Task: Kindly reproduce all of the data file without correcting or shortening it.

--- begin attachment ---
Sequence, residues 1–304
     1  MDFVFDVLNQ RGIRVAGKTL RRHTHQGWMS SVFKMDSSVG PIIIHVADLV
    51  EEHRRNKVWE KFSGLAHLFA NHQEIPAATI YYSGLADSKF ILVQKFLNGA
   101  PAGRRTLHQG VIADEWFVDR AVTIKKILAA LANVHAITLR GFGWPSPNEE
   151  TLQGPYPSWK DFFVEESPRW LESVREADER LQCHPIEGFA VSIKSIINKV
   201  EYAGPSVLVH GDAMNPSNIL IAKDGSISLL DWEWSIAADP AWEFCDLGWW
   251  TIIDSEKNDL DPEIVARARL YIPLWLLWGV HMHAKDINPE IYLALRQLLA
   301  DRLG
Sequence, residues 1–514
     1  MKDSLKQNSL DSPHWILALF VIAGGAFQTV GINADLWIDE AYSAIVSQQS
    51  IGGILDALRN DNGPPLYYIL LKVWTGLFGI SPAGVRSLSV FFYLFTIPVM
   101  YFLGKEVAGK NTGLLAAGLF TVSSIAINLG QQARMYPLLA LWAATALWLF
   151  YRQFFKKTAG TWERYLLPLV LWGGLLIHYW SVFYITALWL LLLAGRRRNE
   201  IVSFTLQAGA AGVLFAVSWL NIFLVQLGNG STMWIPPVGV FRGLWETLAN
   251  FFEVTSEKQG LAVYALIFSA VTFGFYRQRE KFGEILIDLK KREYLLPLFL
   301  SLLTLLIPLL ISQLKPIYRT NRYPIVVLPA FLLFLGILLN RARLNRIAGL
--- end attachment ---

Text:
Sequence, residues 1–304
     1  MDFVFDVLNQ RGIRVAGKTL RRHTHQGWMS SVFKMDSSVG PIIIHVADLV
    51  EEHRRNKVWE KFSGLAHLFA NHQEIPAATI YYSGLADSKF ILVQKFLNGA
   101  PAGRRTLHQG VIADEWFVDR AVTIKKILAA LANVHAITLR GFGWPSPNEE
   151  TLQGPYPSWK DFFVEESPRW LESVREADER LQCHPIEGFA VSIKSIINKV
   201  EYAGPSVLVH GDAMNPSNIL IAKDGSISLL DWEWSIAADP AWEFCDLGWW
   251  TIIDSEKNDL DPEIVARARL YIPLWLLWGV HMHAKDINPE IYLALRQLLA
   301  DRLG
Sequence, residues 1–514
     1  MKDSLKQNSL DSPHWILALF VIAGGAFQTV GINADLWIDE AYSAIVSQQS
    51  IGGILDALRN DNGPPLYYIL LKVWTGLFGI SPAGVRSLSV FFYLFTIPVM
   101  YFLGKEVAGK NTGLLAAGLF TVSSIAINLG QQARMYPLLA LWAATALWLF
   151  YRQFFKKTAG TWERYLLPLV LWGGLLIHYW SVFYITALWL LLLAGRRRNE
   201  IVSFTLQAGA AGVLFAVSWL NIFLVQLGNG STMWIPPVGV FRGLWETLAN
   251  FFEVTSEKQG LAVYALIFSA VTFGFYRQRE KFGEILIDLK KREYLLPLFL
   301  SLLTLLIPLL ISQLKPIYRT NRYPIVVLPA FLLFLGILLN RARLNRIAGL